Whether they are film producers of multimillion-dollar epics or small firms that market a single product, suppliers face a difficult task. Producing an economic good or service requires a combination of land, labour, capital, and entrepreneurs. The theory of production deals with the relationship between the factors of production and the output of goods and services. The theory of production is generally based on the short run, a period of production that allows producers to change only the amount of the variable input called labour. This contrasts with the long run, a period of production long enough for producers to adjust the quantities of all their resources, including capital.
The Law of Variable Proportions state that, in the short run, output will change as one input is varied while the others are held constant. The Law of Variable Proportions deals with the relationship between the input of productive resources and the output of productive resources and the output of final products. The law helps answer the question: How is the output of the final product affected as more units of one variable input or resource are added to fixed amount of other resources? Of course, it is possible to vary all the inputs at the same time. Economists do not like to do this, however, because when more than one factor of production is varied, it becomes harder to gauge the impact of a single variable on total output. When it comes to determining the optimal number of variable units to be used in production, changes in marginal product are of special interest.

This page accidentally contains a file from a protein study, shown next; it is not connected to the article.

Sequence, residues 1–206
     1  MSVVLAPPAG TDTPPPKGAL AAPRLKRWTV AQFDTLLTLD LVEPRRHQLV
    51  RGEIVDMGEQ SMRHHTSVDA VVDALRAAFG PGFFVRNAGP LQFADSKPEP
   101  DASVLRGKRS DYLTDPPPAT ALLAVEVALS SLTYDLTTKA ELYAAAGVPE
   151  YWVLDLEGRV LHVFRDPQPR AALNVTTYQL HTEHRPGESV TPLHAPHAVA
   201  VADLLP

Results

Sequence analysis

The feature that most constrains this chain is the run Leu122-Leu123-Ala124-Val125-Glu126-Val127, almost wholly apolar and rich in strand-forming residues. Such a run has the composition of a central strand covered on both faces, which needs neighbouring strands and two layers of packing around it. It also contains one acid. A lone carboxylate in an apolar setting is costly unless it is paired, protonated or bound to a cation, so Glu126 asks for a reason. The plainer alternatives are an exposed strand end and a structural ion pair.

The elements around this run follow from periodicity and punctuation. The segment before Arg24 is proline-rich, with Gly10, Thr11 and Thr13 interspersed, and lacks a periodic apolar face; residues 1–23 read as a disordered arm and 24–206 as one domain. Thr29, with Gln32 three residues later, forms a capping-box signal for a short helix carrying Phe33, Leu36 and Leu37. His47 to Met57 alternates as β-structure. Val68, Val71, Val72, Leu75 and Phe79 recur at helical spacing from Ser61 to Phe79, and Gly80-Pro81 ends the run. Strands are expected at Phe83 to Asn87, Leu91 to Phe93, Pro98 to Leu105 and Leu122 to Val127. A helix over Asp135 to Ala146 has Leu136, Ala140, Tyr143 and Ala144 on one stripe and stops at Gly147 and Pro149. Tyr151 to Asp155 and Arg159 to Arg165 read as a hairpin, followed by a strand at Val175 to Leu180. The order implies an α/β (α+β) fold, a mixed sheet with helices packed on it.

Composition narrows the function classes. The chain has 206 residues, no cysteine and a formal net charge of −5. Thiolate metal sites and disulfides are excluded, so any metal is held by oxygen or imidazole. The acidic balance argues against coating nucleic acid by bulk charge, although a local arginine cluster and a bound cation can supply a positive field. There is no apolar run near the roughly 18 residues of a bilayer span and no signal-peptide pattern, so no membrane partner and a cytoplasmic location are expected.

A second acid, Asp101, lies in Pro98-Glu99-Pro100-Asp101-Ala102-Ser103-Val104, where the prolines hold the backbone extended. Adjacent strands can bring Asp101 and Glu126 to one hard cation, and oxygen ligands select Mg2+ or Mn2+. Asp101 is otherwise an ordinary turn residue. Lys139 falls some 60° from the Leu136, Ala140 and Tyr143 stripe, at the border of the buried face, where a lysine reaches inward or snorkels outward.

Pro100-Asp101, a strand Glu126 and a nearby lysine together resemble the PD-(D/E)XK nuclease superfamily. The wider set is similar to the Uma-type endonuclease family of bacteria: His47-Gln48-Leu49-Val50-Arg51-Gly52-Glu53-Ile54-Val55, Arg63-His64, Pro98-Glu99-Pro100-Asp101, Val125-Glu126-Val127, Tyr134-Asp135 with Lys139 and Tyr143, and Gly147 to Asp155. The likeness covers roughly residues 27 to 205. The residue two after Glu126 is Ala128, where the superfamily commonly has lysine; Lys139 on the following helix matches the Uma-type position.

There are three stages of production — increasing returns, diminishing returns, and negative returns — that are based on the way marginal product changes as the variable input of labour is changed. In stage one, the first workers hired cannot work efficiently because there are too many resources per worker. As the number of workers increases, they make better use of their machinery and resources. This results in increasing returns (or increasing marginal products) for the first five workers hired. As long as each new worker hired contributes more to total output than the worker before, total output rises at an increasingly faster rate. This stage is known as the stage of increasing returns. In stage two, the total production keeps growing, by smaller and smaller amount. This stage illustrates the principle of diminishing returns, the stage where output increases at a diminishing rate as more units of variable input are added. The third stage of production begins when the eleventh worker is added. By this time, the firm has hired too many workers, and they are starting to get in each other's way. Marginal product becomes negative and total plant output decreases.
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